A non-physical ‘kit’ upgrade was purchasing an Epidemic Sound subscription (not sponsored). This allows access to a huge library of royalty-free music and sound effects, that you can use to your heart’s content on your YouTube / Twitch channels (the number of which depends on your subscription tier).

I picked up the standard tier, meaning rights for sound use for one YouTube channel, and one Twitch channel. This means that, if you put sounds in your content but don’t have a subscription / license, then you will get flagged for copyright strikes. A subscription whitelists your channels so you won’t get flagged (a later Content Creation Diaries entry will explain where I forgot about this principle!).

This really came in handy for the Animal Crossing video, where I managed to not capture any in-game audio (more on that below)…


Epidemic Sound screenshot

A no-brainer for online video creation.


Successes and setbacks

Here is a quick-fire summary of how the recordings went:

What went well:

What didn't go so well:


Progression, and where to next?

It may sound like regression, but an interesting experiment was recording a Sims 4 speed build video with no facecam - just audio commentary (as a result of being ill at the time of recording). A new microphone was purchased just before this - which prompted me to delve more into improving audio quality to get the most out of it.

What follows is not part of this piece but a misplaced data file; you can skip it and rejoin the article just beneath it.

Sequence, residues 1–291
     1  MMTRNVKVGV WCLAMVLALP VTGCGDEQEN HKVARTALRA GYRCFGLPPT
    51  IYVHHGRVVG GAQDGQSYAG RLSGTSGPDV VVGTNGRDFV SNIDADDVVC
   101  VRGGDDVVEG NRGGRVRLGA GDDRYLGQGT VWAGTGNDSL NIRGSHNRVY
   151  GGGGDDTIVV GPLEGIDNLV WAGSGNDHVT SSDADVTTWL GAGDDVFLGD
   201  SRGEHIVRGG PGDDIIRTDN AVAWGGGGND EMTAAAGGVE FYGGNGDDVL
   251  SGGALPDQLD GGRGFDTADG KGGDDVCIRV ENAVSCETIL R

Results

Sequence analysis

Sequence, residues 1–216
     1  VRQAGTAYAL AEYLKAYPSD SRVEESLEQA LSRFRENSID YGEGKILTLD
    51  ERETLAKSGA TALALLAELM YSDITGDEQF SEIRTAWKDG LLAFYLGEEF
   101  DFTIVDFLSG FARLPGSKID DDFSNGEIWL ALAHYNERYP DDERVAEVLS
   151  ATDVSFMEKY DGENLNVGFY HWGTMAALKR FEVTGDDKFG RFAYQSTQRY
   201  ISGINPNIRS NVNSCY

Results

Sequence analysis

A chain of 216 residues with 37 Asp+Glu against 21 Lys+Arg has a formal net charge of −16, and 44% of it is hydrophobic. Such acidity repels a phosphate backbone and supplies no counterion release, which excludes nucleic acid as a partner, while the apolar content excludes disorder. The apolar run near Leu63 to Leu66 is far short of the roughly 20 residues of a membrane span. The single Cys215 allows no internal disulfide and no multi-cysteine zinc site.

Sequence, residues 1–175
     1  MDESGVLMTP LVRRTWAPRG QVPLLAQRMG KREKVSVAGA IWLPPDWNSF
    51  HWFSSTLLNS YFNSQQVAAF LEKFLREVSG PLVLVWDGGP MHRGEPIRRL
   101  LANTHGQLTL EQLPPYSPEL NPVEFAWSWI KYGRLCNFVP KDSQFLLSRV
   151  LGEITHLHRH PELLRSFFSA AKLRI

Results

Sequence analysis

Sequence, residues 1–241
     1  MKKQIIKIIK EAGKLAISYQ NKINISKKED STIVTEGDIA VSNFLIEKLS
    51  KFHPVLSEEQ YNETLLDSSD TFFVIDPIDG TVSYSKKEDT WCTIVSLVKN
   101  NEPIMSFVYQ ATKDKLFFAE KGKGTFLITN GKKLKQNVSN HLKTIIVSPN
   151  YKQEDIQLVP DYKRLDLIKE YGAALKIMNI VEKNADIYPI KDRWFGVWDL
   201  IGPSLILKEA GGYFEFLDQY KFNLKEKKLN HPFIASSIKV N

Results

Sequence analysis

Feeling content with Final Cut Pro and getting more confident with editing, I also started looking into visual effects, bearing in mind the copyright issue but still wanting to include graphics here and there.

More on these in the next blog post!


The story goes on…

Of course, that’s a shameless Shenmue reference right there - but indeed, this is a diary series and so there are parts to follow along from this one.

Stay tuned for part 5 where I plan to cover the next iteration of gear and process upgrades (I jumped through upgrades quite quickly cos again, that’s what I do - get too involved with a hobby too soon!).

Thank you muchly for reading. See you in the next blog, or video!


~~

Speak soon,

//Titch.



The images in this blog post were actually photographically taken by me for once, but the screenshot of Epidemic Sound came directly from the source and is correct as of May 2022.